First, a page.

Rapid 3D printing method moves toward 3D-printed organs

Rapid 3D printing method moves toward 3D-printed organs

It looks like science fiction: A machine dips into a shallow vat of translucent yellow goo and pulls out what becomes a life-sized hand.

But the seven-second video, which is sped-up from 19 minutes, is real.

The hand, which would take six hours to create using conventional 3-D printing methods, demonstrates what University at Buffalo engineers say is progress toward 3-D-printed human tissue and organs—biotechnology that could eventually save countless lives lost due to the shortage of donor organs.

"The technology we've developed is 10-50 times faster than the industry standard, and it works with large sample sizes that have been very difficult to achieve previously," says the study's co-lead author Ruogang Zhao, Ph.D., associate professor of biomedical engineering.

The work is described in a study published Feb. 15 in the journal Advanced Healthcare Materials.

It centers on a 3-D printing method called stereolithography and jelly-like materials known as hydrogels, which are used to create, among things, diapers, and scaffolds in tissue engineering.

The latter application is particularly useful in 3-D printing, and it's something the research team spent a major part of its effort optimizing to achieve its incredibly fast and accurate 3-D printing technique.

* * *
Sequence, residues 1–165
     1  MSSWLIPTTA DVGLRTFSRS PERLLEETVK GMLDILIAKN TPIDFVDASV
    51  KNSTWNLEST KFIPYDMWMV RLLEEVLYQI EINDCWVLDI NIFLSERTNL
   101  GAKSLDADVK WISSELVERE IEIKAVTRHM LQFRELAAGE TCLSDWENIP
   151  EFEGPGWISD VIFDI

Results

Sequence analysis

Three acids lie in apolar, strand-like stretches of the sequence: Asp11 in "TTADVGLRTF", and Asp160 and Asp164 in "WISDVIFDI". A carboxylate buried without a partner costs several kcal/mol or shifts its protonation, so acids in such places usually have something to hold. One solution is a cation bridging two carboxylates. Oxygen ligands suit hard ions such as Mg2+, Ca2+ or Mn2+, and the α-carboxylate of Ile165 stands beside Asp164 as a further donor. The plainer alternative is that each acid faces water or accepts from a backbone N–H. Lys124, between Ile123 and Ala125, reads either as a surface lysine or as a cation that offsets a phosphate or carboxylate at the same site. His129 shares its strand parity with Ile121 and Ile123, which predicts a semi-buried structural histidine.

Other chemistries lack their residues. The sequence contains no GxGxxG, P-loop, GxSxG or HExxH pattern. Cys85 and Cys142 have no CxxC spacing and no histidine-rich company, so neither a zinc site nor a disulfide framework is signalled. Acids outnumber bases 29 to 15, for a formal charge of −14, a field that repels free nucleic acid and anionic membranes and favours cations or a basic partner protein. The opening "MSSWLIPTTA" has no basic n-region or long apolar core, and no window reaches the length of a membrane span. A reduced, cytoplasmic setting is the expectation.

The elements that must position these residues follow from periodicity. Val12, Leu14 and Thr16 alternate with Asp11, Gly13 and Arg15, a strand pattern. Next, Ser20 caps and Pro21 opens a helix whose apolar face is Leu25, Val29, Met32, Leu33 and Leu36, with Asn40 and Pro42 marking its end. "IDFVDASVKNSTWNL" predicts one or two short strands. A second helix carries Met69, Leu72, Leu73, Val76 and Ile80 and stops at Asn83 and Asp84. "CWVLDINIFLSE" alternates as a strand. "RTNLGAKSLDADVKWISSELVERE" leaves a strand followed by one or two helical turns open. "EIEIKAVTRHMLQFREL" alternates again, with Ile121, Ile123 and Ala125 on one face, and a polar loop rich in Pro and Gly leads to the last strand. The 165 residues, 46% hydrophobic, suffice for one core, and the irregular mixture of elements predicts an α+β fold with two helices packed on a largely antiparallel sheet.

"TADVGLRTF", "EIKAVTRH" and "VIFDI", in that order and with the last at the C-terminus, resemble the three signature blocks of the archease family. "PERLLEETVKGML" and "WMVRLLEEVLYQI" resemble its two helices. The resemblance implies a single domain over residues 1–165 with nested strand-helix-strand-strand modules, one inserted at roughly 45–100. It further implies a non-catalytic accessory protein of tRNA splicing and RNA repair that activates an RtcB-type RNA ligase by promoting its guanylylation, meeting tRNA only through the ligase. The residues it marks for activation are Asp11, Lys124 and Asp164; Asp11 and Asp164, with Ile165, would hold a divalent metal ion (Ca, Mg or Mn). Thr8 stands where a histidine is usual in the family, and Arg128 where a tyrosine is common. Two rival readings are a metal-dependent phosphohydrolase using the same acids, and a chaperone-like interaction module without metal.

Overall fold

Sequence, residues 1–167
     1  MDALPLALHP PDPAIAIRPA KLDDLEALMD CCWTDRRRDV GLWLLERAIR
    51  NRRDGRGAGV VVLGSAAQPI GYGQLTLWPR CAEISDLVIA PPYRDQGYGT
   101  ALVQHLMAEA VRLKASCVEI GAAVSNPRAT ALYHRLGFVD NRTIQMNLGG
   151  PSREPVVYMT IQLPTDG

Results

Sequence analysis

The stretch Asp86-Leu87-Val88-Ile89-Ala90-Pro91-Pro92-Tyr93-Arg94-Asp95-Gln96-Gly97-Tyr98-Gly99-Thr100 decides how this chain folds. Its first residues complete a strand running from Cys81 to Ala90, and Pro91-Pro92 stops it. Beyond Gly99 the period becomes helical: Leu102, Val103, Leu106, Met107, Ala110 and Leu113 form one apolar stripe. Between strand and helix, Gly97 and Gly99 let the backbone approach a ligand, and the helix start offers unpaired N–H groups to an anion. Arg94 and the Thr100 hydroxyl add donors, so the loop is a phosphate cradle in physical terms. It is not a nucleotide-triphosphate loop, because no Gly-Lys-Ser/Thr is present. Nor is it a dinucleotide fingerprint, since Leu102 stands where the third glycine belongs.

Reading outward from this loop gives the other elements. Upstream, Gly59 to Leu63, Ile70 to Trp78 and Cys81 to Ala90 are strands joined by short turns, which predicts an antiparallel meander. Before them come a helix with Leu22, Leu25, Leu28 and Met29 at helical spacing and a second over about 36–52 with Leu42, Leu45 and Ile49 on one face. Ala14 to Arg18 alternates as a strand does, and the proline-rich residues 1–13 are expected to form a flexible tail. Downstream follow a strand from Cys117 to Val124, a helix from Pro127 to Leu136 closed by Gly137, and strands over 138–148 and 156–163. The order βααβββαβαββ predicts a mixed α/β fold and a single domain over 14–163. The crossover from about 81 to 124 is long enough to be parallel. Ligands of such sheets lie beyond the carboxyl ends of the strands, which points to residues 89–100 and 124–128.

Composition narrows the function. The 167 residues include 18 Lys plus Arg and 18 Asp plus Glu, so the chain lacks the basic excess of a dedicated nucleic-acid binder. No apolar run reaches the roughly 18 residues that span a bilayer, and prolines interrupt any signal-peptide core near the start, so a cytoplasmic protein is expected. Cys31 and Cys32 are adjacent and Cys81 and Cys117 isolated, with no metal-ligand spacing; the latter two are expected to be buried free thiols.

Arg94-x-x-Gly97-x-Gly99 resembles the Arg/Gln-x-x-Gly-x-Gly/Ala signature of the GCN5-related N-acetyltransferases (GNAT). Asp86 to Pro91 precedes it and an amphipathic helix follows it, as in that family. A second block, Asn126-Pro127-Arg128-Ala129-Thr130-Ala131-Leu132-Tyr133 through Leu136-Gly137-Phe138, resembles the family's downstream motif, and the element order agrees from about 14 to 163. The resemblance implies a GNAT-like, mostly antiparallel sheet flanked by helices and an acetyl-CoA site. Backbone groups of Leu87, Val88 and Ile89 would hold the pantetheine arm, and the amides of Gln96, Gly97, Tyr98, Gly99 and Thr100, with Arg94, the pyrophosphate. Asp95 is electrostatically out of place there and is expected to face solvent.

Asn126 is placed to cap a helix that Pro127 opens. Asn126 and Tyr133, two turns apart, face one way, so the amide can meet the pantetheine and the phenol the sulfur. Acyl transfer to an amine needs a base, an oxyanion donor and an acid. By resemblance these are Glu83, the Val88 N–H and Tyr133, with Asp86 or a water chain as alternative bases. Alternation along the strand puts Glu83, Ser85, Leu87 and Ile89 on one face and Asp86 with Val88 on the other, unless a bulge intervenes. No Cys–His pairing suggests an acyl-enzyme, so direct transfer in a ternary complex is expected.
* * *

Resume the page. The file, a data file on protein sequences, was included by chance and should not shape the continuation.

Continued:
A machine dips into a shallow vat of translucent yellow goo and pulls out what becomes a life-sized hand. But the seven-second video, which is sped-up from 19 minutes, is real. Credit: University at Buffalo

"Our method allows for the rapid printing of centimeter-sized hydrogel models. It significantly reduces part deformation and cellular injuries caused by the to the environmental stresses you commonly see in conventional 3-D printing methods," says the study's other co-lead author, Chi Zhou, Ph.D., associate professor of industrial and systems engineering.

Researchers say the method is particularly suitable for printing cells with embedded blood vessel networks, a nascent technology expected to be a central part of the production of 3-D-printed and organs.


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FRESH 3-D-printing platform paves way for tissues, organs

More information: Nanditha Anandakrishnan et al, Fast Stereolithography Printing of Large‐Scale Biocompatible Hydrogel Models, Advanced Healthcare Materials (2021). DOI: 10.1002/adhm.202002103
Journal information: Advanced Healthcare Materials

Citation: Rapid 3D printing method moves toward 3D-printed organs (2021, March 6) retrieved 13 April 2021 from https://medicalxpress.com/news/2021-03-rapid-3d-method-3d-printed.html
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